Without a doubt, Heat Therapy feels much nicer and more comforting than cold therapy. However, problems can arise if heat therapy is used too soon after an injury or trauma.
Heat Therapy should only be used after inflammation has subsided. It should not be used immediately after an acute injury, or when an area is inflamed and swollen, since that will only serve to aggravate the injured tissues.
Heat Therapy is typically used to relax and loosen soft-tissues, and to increase circulation (through vaso-dilation of the blood vessels) to the affected area. Once the inflammation has subsided, you can apply warm-packs to the affected area to restore flexibility, relieve muscle cramping, reduce arthritic symptoms, and most of all, to increase the rate of healing by increasing blood-flow to the area (bringing more nutrients, and taking away more waste products).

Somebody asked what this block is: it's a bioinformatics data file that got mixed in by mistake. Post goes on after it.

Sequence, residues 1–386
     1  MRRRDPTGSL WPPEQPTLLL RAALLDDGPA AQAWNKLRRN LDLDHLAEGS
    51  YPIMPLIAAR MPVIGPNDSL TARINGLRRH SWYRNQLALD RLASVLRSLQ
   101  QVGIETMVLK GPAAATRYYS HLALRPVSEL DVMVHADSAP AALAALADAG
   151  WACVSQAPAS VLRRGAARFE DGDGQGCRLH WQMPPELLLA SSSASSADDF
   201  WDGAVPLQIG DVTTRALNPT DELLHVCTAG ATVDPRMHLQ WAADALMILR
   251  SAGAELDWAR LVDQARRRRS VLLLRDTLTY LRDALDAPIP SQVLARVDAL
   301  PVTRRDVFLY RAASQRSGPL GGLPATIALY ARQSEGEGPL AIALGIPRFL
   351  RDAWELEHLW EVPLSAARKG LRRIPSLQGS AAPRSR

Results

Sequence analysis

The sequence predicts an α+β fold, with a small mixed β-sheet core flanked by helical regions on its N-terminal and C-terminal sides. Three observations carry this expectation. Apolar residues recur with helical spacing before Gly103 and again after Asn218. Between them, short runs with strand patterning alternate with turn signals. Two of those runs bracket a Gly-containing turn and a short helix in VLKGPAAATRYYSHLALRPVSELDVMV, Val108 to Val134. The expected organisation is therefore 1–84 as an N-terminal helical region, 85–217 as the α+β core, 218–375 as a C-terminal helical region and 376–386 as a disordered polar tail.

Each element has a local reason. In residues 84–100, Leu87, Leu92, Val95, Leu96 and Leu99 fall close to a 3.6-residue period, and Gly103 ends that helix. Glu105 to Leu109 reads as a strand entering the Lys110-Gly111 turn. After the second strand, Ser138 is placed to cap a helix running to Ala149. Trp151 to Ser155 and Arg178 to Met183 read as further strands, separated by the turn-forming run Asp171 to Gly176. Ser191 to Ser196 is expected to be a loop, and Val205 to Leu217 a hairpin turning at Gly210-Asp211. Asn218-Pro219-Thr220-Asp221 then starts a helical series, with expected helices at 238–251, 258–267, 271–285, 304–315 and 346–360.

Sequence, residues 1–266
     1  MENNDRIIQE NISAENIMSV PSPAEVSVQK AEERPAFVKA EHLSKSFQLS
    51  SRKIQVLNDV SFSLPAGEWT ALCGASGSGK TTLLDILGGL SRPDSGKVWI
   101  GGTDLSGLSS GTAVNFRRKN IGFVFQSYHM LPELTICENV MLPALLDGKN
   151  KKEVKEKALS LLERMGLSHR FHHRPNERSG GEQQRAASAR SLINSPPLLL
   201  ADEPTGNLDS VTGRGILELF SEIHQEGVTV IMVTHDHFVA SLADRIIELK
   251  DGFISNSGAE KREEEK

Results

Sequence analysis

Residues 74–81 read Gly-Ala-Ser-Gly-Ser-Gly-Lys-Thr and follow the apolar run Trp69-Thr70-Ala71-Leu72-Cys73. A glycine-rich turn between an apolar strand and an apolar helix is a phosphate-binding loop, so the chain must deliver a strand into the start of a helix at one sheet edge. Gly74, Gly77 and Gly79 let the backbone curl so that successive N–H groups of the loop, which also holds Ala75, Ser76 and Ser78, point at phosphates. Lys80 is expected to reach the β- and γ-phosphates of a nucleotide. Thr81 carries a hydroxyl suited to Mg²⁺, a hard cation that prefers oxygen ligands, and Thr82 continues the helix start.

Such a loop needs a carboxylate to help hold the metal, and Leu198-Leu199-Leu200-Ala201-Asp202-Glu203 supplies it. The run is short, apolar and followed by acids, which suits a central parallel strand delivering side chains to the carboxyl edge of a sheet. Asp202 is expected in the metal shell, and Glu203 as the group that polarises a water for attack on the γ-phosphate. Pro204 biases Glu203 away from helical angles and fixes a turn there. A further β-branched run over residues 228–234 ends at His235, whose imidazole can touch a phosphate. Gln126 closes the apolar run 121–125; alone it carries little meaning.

- Use only moderate heat to avoid burning or over-heating soft-tissues.
- Do not leave heat on for extended periods of time or while sleeping.
Heat Treatment with a Hot-Pack
- Apply a warm wet towel, or warm pack to the affected area.
- Keep the warmth there until you feel the muscles begin to relax and warm up, and your skin turns a little rosy!
- Stop after 15-20 minutes. Do not re-apply for at least 1-2 hours.
Attention: Always use caution with Heat Therapy. Use only moderate heat to avoid burning your soft tissues. Do not use Heat Therapy if you suffer from one or more of the following conditions: cancer, diabetes mellitus, tendency to hemorrhage, decreased sensations, peripheral vascular disease, acute inflammation, or skin lesions.
Try to avoid using Heat Therapy at night, or when you are in bed. You are more likely to fall asleep with the heating pad, which could be potentially dangerous (burns and overheating).